N’Golo Kante was everything. Of course, that’s his thing. The Frenchman frequently gets through the work of two players, but even by his own standards, Kante made this match his own. This was the Kante Champions League final, not just for his Chelsea performance, but also for the way his display contrasted with that of Manchester City’s.
The sight of Raheem Sterling in the City line-up made most of the headlines before kick-off, but it was the lack of a holding midfielder that had the biggest consequence for the Premier League champions. Despite at least one of Fernandinho or Rodri starting 59 out of 60 games for City this season, both started this match on the bench.
Considering Pep Guardiola’s track record for overthinking big Champions League games, eyebrows were raised before a ball had even been kicked in Porto. Some tried to see logic in the Catalan’s selection, arguing he was betting on City dominating the majority of possession against a deep-lying opponent. Fernandinho or Rodri wouldn’t have helped break down Chelsea.
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However, this overlooked the importance of both midfielders on the defensive side of the ball. Chelsea’s winning goal came from a situation where Manchester City’s defence was split in two by a pass played at the halfway line. Oleksandr Zinchenko pushed into midfield when City had the ball, but this left the Ukrainian with too much ground to cover when Chelsea were in transition. Kai Havertz made the most of this to latch on to Mason Mount’s through ball and finish.
When Chelsea faced a similar scenario, Kante was there to intervene. There was a moment just minutes into the second half which illustrated this perfectly, with the Frenchman prodding the ball away from Kevin de Bruyne as the Belgian dribbled to the edge of the box. Manchester City didn’t have a Kante.
At least not until Fernandinho’s introduction just after the hour mark, but by that time City were chasing their tails. Chelsea had a lead to protect and plenty of space to break into to relieve pressure. This was the match Tuchel and his coaching staff had almost certainly planned for.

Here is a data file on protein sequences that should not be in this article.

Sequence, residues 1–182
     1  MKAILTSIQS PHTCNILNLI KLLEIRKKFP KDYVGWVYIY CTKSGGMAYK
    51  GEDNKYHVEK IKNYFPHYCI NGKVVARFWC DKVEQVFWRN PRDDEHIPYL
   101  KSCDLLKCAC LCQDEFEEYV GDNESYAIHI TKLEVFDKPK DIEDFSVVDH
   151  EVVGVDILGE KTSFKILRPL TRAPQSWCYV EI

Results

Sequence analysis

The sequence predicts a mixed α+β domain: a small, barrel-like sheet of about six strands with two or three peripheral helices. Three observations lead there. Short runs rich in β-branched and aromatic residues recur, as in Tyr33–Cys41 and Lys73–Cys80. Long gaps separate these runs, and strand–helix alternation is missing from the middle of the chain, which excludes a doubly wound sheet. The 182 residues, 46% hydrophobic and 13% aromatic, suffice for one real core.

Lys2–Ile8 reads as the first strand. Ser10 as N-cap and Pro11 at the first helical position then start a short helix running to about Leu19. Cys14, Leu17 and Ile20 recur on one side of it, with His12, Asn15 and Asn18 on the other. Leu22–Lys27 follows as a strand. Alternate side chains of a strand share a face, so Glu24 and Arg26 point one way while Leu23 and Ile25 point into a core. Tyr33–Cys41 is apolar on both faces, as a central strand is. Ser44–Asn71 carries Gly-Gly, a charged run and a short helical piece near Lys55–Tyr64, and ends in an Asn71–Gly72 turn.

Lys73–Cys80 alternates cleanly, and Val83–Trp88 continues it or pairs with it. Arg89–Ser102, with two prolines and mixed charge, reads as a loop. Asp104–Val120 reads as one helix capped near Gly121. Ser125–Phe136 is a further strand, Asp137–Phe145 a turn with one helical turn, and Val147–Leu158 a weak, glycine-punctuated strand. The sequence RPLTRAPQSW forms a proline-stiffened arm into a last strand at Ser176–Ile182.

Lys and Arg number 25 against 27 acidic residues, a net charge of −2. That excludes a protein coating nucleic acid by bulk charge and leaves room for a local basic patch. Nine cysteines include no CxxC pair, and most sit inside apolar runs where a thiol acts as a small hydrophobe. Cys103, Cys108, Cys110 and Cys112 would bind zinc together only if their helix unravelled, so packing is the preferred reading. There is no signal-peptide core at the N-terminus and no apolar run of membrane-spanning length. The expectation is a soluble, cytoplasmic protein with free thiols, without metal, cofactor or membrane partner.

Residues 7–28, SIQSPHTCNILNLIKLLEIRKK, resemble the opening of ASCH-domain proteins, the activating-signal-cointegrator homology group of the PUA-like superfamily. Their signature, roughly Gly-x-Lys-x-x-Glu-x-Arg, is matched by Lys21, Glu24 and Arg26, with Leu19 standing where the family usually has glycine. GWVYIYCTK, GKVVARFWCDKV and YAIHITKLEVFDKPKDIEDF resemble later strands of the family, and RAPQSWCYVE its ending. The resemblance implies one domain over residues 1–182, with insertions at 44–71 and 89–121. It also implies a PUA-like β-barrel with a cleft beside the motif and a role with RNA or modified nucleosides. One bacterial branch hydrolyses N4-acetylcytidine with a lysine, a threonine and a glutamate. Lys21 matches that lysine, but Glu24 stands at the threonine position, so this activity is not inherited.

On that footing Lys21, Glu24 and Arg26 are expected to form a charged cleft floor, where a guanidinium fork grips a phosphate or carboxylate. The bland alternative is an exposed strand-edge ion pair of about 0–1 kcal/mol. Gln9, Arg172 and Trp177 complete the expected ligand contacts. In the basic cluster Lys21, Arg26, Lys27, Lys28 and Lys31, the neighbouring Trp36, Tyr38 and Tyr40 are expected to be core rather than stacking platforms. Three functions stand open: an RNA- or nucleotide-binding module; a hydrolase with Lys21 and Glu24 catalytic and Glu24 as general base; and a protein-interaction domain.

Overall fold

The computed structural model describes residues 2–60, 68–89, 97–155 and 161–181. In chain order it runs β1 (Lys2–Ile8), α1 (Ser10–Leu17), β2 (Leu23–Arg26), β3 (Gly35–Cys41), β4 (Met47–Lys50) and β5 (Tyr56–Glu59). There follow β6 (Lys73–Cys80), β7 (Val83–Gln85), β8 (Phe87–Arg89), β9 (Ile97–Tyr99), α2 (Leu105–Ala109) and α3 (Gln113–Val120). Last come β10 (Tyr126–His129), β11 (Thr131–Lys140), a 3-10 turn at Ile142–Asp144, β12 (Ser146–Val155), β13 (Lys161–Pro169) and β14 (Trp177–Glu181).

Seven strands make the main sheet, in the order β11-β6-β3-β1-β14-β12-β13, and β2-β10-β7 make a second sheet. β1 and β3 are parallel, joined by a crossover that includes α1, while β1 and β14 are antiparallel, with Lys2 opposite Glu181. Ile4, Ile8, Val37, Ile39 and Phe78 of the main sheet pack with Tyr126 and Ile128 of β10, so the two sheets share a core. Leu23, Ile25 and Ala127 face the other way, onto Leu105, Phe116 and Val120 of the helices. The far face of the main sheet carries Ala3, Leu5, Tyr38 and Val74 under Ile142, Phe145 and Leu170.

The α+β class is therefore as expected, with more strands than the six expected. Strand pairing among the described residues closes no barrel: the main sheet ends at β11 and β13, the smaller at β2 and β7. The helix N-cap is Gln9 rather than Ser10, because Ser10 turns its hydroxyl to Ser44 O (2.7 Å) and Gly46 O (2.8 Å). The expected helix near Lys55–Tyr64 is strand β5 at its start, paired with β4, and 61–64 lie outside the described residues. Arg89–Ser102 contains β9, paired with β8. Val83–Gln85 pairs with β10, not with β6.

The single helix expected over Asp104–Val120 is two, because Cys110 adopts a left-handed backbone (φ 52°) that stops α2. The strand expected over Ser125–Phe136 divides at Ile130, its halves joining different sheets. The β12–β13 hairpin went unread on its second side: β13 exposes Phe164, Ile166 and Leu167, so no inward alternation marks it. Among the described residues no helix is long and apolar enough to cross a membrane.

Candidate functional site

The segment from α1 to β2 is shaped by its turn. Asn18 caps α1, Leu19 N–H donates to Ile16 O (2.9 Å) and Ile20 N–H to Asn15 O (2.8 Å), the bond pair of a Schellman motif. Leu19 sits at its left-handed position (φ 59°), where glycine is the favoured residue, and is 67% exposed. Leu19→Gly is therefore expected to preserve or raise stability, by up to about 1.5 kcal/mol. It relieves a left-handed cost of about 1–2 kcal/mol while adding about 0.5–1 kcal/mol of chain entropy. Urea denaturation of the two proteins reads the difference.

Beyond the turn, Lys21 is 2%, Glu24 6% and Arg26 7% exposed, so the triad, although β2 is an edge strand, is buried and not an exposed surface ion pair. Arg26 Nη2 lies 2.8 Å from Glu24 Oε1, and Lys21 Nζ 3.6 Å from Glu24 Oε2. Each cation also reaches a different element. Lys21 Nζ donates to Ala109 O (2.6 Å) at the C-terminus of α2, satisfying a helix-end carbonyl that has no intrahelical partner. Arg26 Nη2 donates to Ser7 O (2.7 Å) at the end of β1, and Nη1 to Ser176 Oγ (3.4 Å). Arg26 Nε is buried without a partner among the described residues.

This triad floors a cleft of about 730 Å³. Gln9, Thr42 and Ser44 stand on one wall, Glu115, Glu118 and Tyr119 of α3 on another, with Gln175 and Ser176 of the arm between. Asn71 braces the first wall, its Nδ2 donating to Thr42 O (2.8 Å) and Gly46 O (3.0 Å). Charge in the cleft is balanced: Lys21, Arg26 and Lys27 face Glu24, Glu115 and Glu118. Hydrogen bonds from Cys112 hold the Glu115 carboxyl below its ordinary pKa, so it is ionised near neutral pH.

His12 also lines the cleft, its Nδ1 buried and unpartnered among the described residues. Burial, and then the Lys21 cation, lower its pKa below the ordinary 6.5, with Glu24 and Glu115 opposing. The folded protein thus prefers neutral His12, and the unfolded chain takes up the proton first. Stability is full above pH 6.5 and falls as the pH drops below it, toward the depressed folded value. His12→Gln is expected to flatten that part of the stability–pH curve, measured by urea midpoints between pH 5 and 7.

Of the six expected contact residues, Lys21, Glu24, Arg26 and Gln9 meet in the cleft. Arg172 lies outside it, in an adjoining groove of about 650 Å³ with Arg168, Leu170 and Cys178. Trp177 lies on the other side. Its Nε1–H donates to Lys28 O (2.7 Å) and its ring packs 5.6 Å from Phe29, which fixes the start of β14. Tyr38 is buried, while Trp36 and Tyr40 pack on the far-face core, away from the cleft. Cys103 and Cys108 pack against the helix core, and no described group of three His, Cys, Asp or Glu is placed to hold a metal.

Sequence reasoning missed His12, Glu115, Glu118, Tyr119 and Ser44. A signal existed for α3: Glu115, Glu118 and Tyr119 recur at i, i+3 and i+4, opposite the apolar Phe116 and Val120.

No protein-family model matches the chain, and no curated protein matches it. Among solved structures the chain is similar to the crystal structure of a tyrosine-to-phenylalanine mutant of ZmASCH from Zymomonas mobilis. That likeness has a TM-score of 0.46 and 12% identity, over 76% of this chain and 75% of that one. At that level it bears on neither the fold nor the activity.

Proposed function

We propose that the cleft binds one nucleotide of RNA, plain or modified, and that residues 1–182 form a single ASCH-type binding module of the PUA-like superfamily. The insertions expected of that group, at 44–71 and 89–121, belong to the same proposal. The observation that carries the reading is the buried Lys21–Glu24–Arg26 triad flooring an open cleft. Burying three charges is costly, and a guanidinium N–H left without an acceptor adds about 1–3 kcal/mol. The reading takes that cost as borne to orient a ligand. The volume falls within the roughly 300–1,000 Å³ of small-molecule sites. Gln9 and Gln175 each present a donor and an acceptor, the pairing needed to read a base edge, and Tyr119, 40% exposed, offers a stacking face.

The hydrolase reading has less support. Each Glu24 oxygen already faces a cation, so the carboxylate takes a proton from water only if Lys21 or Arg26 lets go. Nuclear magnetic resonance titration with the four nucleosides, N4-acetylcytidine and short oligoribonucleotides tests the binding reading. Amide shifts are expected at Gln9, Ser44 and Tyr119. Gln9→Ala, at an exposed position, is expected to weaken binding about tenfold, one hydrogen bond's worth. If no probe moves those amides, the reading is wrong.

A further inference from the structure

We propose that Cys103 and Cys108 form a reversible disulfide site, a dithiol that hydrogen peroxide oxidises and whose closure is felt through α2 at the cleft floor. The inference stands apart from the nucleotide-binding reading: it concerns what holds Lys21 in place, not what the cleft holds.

Guardiola’s clouded decision-making hinted at his own insecurity at coming up against a manager who has now outmanoeuvred him in their last three meetings. Tuchel has a greater insight into Guardiola’s mind than anyone else in the Premier League. This bodes well for a Chelsea title challenge next season.
The period between Fernandinho’s entry and Sergio Aguero coming on (when Guardiola shifted to a 4-4-2 ) was the most comfortable Manchester City looked in the whole match. At this point, Ilkay Gundogan and Phil Foden had space to run into, something they hadn’t had for the first 60 minutes. This added more evidence to the notion that Guardiola should have had more trust in his players to play their own game. City were too reactive to Chelsea’s threat.
Chelsea win the Champions League
Image credit: Getty Images
By trade, Fernandinho is a reactive player, but his greatest importance to City is in the way he provides a platform to more attack-minded teammates. This is what Kante did for Chelsea. Havertz played his best game in a Chelsea shirt and was afforded the freedom to do so by the work of his French teammate in the centre of the pitch.
Nobody made more ball recoveries (10) than Kante. The 30-year-old wasn’t dribbled past once and won all three of the tackles he made. Havertz, Mount and Reece James were all standout performers, but Kante was the biggest difference between the two teams on the night. Fernandinho could have played a similarly significant role for City had he not watched 60 minutes of the match from the bench.
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